Today marks one week since a Florida jury found George Zimmerman not guilty.
More than 100 cities across the nation rallied Saturday for civil rights charges to be brought against Zimmerman.
But people in Harrisburg want state legislators to stand with them.
Hundreds of people pack Walnut Street…
“What do we want? Justice! When do we want it? Now!”
…with a new sense of pride after President Obama addressed the nation on Friday about the pain among the African American community.
“It could have been your son, it could have been your nephew,” says Harrisburg Mayor, Linda Thompson.
The signs that people are holding are more than just words, it’s a symbol of courage for people in Harrisburg to keep fighting for what they believe is injustice.
“I understand the verdict and I accept the verdict but it’s bigger than that,” says Ed Noon of Harrisburg.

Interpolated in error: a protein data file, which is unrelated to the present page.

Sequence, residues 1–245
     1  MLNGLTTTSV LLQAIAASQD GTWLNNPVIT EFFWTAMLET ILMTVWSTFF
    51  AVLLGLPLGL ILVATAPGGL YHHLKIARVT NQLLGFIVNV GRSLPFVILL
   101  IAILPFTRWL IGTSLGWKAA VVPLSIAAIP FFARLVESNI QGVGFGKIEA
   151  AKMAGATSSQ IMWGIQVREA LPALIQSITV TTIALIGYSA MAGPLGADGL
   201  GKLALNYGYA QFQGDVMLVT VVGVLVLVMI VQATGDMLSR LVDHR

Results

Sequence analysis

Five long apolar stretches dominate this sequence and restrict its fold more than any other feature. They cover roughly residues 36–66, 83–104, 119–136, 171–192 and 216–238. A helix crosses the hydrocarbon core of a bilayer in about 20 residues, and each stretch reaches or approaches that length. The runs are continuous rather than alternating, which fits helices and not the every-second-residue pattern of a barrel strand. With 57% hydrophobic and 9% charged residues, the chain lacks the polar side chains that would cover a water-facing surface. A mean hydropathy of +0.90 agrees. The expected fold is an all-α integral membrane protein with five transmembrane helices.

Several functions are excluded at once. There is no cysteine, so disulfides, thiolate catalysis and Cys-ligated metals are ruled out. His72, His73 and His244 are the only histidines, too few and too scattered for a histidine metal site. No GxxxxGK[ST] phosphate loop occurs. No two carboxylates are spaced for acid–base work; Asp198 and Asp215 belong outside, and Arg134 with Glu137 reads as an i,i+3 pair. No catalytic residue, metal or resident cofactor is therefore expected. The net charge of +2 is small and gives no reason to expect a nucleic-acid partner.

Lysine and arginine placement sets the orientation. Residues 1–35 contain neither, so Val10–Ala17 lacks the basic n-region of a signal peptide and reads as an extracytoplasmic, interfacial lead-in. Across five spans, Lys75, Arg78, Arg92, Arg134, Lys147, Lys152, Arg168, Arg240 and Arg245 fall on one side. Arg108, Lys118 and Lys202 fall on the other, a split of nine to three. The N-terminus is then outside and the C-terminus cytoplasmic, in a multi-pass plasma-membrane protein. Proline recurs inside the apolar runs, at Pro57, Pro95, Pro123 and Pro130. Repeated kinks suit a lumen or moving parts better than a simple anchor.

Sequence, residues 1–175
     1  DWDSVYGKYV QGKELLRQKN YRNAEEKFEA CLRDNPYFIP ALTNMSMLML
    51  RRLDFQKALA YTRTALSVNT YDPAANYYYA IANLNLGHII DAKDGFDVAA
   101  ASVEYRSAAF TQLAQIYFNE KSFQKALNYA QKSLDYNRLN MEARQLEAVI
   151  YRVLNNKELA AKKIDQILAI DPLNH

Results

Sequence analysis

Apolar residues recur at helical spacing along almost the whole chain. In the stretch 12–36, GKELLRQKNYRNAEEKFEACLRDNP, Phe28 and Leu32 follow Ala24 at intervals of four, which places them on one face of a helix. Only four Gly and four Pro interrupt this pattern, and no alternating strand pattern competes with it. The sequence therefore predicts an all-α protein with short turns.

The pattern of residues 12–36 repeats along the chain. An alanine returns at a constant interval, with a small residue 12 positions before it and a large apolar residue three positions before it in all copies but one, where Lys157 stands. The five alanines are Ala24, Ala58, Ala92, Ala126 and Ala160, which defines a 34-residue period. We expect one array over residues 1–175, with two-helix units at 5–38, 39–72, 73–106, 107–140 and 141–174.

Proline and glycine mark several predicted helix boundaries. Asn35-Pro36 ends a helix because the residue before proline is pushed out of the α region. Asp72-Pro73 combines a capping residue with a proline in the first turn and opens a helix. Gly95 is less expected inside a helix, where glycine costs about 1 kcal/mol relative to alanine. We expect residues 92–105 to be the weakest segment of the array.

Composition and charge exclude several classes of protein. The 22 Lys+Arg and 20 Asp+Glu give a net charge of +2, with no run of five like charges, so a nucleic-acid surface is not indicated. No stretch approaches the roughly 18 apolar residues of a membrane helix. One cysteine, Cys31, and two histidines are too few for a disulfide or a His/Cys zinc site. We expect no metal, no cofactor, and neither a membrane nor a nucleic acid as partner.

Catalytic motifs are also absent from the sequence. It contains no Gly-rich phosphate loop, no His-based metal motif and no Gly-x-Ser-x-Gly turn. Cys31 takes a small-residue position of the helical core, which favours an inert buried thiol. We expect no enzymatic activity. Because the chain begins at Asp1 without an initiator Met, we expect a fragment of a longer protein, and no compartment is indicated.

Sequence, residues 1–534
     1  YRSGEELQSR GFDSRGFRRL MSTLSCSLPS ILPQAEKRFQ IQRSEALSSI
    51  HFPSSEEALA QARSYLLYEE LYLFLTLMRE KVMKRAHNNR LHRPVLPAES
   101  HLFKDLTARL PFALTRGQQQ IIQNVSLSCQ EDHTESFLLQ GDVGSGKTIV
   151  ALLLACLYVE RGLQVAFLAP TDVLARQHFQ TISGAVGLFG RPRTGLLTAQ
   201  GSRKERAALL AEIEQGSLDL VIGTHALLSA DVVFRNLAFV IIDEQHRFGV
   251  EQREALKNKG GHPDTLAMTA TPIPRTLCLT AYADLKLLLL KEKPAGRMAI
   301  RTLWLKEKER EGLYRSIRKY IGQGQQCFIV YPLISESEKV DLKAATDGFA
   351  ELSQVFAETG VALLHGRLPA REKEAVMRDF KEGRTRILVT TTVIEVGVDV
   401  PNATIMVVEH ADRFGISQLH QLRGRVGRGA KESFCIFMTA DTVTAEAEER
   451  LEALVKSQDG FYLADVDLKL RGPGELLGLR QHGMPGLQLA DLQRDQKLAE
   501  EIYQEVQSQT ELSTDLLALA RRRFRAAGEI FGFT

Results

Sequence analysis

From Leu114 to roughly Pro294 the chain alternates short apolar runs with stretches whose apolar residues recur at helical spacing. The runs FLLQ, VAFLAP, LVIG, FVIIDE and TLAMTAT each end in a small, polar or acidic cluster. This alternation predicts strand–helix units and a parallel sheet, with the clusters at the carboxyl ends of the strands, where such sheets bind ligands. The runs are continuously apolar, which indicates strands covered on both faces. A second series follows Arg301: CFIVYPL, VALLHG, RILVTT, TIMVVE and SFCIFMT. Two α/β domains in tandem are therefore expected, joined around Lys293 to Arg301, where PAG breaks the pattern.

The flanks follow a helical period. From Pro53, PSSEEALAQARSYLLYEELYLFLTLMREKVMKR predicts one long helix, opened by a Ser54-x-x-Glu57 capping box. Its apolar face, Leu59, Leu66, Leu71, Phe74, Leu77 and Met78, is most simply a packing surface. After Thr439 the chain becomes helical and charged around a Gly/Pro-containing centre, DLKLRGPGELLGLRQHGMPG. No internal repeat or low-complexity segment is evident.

Noon says change starts with the law.
“We’re not in Sanford, Florida, but we’re in Harrisburg Pennsylvania and enough is enough.
Those rallying want their message to resonate throughout the Capitol building.
“We are also today calling on our state legislature and legislators to eliminate the shoot first laws,” says Thompson.
Mayor Thompson wants lawmakers to repeal the shoot first law which allows a person to use deadly force if they feel their own life is in danger.
“Until we challenge that there is no peace and justice in America,” says Thompson.
She believes it would put a stop to gun violence, especially in the capital city.
“In the name and the sake of Trayvon Martin, put your guns away,” says Thompson.
Mary Ann Tatara taught in the city for more than a decade.
She’s here today to stop Pennsylvania from becoming the next example.
“I taught many Trayvon’s I worked at an inner city school and the fact that any of my students could of been Trayvon, the fact that any of them could’ve been killed for being black and carrying skittles is horrific to me,” says Tatara.